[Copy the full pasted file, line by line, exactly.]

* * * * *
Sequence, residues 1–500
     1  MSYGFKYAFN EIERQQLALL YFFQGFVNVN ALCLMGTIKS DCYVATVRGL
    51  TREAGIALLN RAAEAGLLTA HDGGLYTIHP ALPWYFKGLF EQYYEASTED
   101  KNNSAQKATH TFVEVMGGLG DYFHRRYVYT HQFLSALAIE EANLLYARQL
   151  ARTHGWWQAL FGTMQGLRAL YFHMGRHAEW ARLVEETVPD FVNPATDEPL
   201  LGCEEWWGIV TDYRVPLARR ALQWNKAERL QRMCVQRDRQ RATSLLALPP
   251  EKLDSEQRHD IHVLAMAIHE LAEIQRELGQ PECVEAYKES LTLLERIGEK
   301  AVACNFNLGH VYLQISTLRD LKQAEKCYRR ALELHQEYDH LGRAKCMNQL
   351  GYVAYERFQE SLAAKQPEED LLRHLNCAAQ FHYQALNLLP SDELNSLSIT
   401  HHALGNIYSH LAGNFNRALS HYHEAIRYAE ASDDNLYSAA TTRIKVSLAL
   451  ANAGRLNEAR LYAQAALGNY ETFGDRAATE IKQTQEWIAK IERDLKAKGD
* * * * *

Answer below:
Sequence, residues 1–500
     1  MSYGFKYAFN EIERQQLALL YFFQGFVNVN ALCLMGTIKS DCYVATVRGL
    51  TREAGIALLN RAAEAGLLTA HDGGLYTIHP ALPWYFKGLF EQYYEASTED
   101  KNNSAQKATH TFVEVMGGLG DYFHRRYVYT HQFLSALAIE EANLLYARQL
   151  ARTHGWWQAL FGTMQGLRAL YFHMGRHAEW ARLVEETVPD FVNPATDEPL
   201  LGCEEWWGIV TDYRVPLARR ALQWNKAERL QRMCVQRDRQ RATSLLALPP
   251  EKLDSEQRHD IHVLAMAIHE LAEIQRELGQ PECVEAYKES LTLLERIGEK
   301  AVACNFNLGH VYLQISTLRD LKQAEKCYRR ALELHQEYDH LGRAKCMNQL
   351  GYVAYERFQE SLAAKQPEED LLRHLNCAAQ FHYQALNLLP SDELNSLSIT
   401  HHALGNIYSH LAGNFNRALS HYHEAIRYAE ASDDNLYSAA TTRIKVSLAL
   451  ANAGRLNEAR LYAQAALGNY ETFGDRAATE IKQTQEWIAK IERDLKAKGD